10. lupusnewstoday.com/2019/01/18/rubella-immunity-lowers-vaccinated-lupus-adolescents/ Jose Marques Lopes, PhDJanuary 18, 2019 Vaccinated patients with highly active systemic lupus erythematosus seem to lose their immunity levels over time, a study in rubella-vaccinated adolescents suggests. The study, “Risk factors associated with accelerated rubella-IgG antibody loss in previously vaccinated, treatment-naïve juvenile Systemic Lupus Erythematosus patients: a prospective study,” was published in the journal Arthritis & Rheumatology. Patients with SLE are at risk for infections, including those that are preventable by vaccines, due to the alterations in their immune system and the immunosuppressive treatments they receive. SLE particularly affects women of childbearing age. Rubella infection during pregnancy is associated with severe neonatal complications, including miscarriage, congenital rubella syndrome, and neonatal death. As a result, knowing the immune status against rubella in at-risk SLE patients is important. Researchers from the National and Kapodistrian University of Athens in Greece looked to address this, focusing their study on previously vaccinated adolescents with juvenile SLE (jSLE). They also wanted to find potential factors affecting antibody levels. In total, the study included 21 newly diagnosed girls with jSLE, with a mean age of 11.6 years. All of them had had two doses of the live attenuated MMR — measles, mumps, and rubella — vaccine in early childhood. No patients had underlying immunodeficiency, a blood transfusion within the previous six months, or prior treatment with immunomodulatory therapies. Seroprotection — a positive, protective response to vaccination — and levels of rubella antibodies were determined at enrollment and at one and three years after treatment. Results revealed that while patients remained protected from rubella infection at all times, the amount of antibodies against the virus significantly decreased over time, from 39.1 IU/ml at diagnosis to 29.9 IU/mL at one year and 26.2 IU/mL at three years. No patients showed low total antibody levels or renal insufficiency. High SLE disease activity — assessed with the SLE disease activity index, or SLEDAI — and low levels of the complement protein C4 — a common SLE marker — were associated with lower rubella antibody concentrations at diagnosis and at 12 months. Findings further revealed that skin involvement and persistent lymphopenia and leukopenia — having abnormally low blood levels of lymphocytes or leukocytes (white blood cells), respectively — at one year directly correlated to lower rubella antibody concentrations. “In conclusion, high disease activity strongly correlated with accelerated antibody loss,” the investigators wrote, adding that lower antibody levels may be due to SLE, its activity, or medications. They also noted that although more studies are needed to assess long-term immunity induced by vaccinations in children with autoimmune diseases, “close monitoring of the immunization status against vaccine-preventable diseases in this group of patients is advised.” The team cautioned that the small number of patients precluded finding differences among the different treatment groups.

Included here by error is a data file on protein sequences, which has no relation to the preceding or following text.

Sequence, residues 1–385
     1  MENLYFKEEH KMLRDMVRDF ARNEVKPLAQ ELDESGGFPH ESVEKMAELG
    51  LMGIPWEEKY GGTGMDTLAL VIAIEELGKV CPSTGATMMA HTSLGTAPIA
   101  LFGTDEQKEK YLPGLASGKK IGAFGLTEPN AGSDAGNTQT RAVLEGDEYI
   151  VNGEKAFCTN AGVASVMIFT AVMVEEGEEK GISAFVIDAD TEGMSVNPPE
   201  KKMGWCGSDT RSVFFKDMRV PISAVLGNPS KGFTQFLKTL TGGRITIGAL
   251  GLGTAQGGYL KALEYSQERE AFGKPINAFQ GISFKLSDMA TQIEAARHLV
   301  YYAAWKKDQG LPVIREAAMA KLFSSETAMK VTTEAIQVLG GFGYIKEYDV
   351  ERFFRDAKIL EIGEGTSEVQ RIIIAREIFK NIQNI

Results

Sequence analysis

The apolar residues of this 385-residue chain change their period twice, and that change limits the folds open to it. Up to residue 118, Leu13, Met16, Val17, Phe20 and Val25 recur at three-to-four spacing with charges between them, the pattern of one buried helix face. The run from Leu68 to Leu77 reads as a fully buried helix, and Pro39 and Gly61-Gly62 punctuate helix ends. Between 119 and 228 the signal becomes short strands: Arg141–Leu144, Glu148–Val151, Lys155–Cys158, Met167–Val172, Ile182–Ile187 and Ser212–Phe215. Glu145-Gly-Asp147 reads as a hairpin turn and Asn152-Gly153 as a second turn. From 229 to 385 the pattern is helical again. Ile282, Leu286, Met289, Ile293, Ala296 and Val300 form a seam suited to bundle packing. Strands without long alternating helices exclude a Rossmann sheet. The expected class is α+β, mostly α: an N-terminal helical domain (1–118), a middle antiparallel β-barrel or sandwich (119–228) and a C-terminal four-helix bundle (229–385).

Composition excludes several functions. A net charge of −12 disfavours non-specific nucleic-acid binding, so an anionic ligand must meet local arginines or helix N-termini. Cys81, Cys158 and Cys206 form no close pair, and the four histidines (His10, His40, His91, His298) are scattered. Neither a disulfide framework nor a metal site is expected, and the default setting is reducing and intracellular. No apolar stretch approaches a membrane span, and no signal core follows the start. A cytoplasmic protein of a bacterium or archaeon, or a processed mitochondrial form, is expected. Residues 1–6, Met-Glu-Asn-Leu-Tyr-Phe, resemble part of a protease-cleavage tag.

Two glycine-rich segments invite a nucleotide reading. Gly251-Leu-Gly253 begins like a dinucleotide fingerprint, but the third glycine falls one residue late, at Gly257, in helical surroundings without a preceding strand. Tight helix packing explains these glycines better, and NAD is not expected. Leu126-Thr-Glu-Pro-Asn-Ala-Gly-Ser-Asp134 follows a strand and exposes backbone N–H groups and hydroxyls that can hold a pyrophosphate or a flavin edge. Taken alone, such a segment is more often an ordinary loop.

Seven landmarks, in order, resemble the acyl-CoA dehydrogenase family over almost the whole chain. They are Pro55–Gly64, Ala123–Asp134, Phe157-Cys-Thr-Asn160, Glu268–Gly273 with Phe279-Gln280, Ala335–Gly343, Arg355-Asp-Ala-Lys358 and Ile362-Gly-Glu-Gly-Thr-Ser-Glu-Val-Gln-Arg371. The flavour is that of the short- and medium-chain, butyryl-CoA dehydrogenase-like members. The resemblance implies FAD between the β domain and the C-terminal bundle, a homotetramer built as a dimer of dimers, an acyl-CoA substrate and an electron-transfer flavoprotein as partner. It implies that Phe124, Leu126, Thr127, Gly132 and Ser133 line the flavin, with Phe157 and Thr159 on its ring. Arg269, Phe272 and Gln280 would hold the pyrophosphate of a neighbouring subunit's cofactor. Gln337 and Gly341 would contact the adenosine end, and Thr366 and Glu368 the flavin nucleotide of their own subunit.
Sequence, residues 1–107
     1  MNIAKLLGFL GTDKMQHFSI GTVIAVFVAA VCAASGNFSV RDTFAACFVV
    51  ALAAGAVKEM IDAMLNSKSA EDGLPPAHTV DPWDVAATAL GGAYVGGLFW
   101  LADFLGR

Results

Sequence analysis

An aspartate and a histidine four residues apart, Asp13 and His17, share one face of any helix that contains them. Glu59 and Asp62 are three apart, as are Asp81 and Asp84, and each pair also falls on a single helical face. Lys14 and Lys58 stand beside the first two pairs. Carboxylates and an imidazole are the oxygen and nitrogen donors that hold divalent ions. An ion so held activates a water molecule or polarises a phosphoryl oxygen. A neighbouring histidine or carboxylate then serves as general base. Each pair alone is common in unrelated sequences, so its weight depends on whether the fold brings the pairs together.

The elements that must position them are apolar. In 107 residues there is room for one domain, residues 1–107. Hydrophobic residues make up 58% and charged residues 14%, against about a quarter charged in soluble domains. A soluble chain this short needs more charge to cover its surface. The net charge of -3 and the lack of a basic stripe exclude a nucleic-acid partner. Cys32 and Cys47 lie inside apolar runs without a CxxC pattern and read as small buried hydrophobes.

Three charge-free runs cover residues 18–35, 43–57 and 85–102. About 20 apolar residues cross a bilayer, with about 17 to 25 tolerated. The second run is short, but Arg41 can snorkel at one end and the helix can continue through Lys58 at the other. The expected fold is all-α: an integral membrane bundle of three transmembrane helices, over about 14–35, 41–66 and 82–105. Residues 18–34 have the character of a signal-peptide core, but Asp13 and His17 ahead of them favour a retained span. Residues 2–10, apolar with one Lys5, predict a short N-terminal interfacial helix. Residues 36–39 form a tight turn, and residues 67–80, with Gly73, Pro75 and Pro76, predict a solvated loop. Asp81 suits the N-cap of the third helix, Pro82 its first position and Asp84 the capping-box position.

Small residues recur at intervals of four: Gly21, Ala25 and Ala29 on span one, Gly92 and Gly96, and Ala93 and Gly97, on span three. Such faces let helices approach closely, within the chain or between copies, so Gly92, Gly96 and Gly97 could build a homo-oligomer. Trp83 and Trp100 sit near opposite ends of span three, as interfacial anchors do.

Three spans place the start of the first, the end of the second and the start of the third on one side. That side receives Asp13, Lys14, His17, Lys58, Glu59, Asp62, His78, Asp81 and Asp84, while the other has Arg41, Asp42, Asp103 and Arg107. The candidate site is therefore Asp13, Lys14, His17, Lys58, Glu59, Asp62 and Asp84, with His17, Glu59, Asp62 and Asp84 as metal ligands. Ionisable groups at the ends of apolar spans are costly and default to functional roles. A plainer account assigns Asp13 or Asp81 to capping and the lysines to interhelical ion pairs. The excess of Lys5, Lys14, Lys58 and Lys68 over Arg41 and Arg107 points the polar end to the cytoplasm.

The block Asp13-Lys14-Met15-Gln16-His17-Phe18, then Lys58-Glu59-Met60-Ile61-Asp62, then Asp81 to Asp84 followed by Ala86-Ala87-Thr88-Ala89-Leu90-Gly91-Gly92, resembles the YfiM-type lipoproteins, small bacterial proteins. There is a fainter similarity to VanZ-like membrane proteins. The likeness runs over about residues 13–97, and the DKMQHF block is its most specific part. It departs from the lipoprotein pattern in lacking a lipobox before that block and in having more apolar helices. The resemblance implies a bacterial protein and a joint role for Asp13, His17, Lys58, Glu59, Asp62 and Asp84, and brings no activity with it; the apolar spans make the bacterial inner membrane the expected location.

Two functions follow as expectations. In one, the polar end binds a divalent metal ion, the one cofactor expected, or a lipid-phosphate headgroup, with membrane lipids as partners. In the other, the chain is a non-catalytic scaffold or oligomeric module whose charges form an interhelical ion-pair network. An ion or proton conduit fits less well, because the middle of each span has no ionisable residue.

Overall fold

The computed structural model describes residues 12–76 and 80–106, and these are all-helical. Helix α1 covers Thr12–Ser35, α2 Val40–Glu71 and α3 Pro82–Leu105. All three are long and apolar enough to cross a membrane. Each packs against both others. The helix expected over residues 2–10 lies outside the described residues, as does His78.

11. Dietary Supplements and Homeopathy Are Not Tested for Safety and Effectiveness Posted by Kathleen Hoffman on Dec 17, 2018 in Blog | 0 comments On October 30, 2018, the FDA sent a letter to the American Botanical Pharmacy and “Dr.” Richard Schulze – whose “doctorate is in herbology”- stating, Yet on December 8, 2018, the website still had this question and answer posted. Type I diabetes is an autoimmune condition in which the body destroys the beta cells of the pancreas that produce insulin. Lifestyle changes and using supplements will not cure Type I diabetes. Although the company removed items from the FDA’s detailed list of violations, they still missed this and several other claims of cures with the use of their dietary supplement products. Use of Supplements and Homeopathy More than half of the US adult population consume dietary supplements. The dietary supplement industry today is a $35.9 billion a year market and is estimated to grow by 20 billion dollars in the next six years.3 Around six million people in the US use homeopathy, one million of them are children. Unfortunately, many people do not realize that these products are regulated as food. The Dietary Supplement Health and Education Act, passed in 1994, allows these products to be sold without testing for safety or effectiveness and without information on adverse effects or packaging that is child-resistant.4 Distrust of the pharmaceutical industry and an interest in taking control of one’s health are just a couple of the reasons people choose dietary supplements and homeopathy. Unfortunately, dietary supplements and homeopathy are being actively promoted on the Internet in lieu of regulated, mainstream treatments. Many of these supplements have serious drawbacks. Recent research found that 746 dietary supplement brands from between 2007 and 2016 contained active pharmaceutical drugs, like steroids.5 Teething tablets by Hyland’s Homeopathic were recently discovered to contained belladonna nightshade, a poisonous plant. Linked to deaths of babies last year, the FDA warned consumers not to use these products.6 Hepatotoxicity is a principle safety issue for as many as 60 herbal supplements. Green tea contains ECGC, an antioxidant that is toxic for liver cells. Green tea based herbal supplements containing other ingredients have been implicated in liver damage requiring liver transplant.7 It shouldn’t be surprising to learn that a 2015 study of emergency room visits in the US estimated that over 23,000 emergency department visits per year can be attributed to adverse events caused by dietary supplements. These visits resulted in an estimated 2,154 hospitalizations.8 It’s important to be careful and wary of what is advertised as supplements. Remembering that the FDA does not test these products for safety or effectiveness before they are sold to you. It is only when a problem arises and the FDA is notified, that warnings and recalls occur. Check out Meat Packers and Patent Medicines: Welcome to Life before the FDA References 1 https://www.fda.gov/ICECI/EnforcementActions/WarningLetters/ucm627164.htm 2 https://www.herbdoc.com/blog/is-diabetes-curablec.oup.com/jnci/article/110/1/121/4064136 3 https://www.statista.com/statistics/828481/total-dietary-supplements-market-size-in-the-us/ 4 https://ods.od.nih.gov/About/DSHEA_Wording.aspx 5 doi:10.1001/jamanetworkopen.2018.3337 6 https://www.fda.gov/ForConsumers/ConsumerUpdates/ucm230762.htm 7 DOI: https://doi.org/10.1016/j.jpeds.2018.05.022 8 DOI: 10.1056/NEJMsa1504267 https://medivizor.com/blog/2018/12/17/dietary-supplements-and-homeopathy/?utm_campaign=website&amp;utm_source=sendgrid.com&amp;utm_medium=email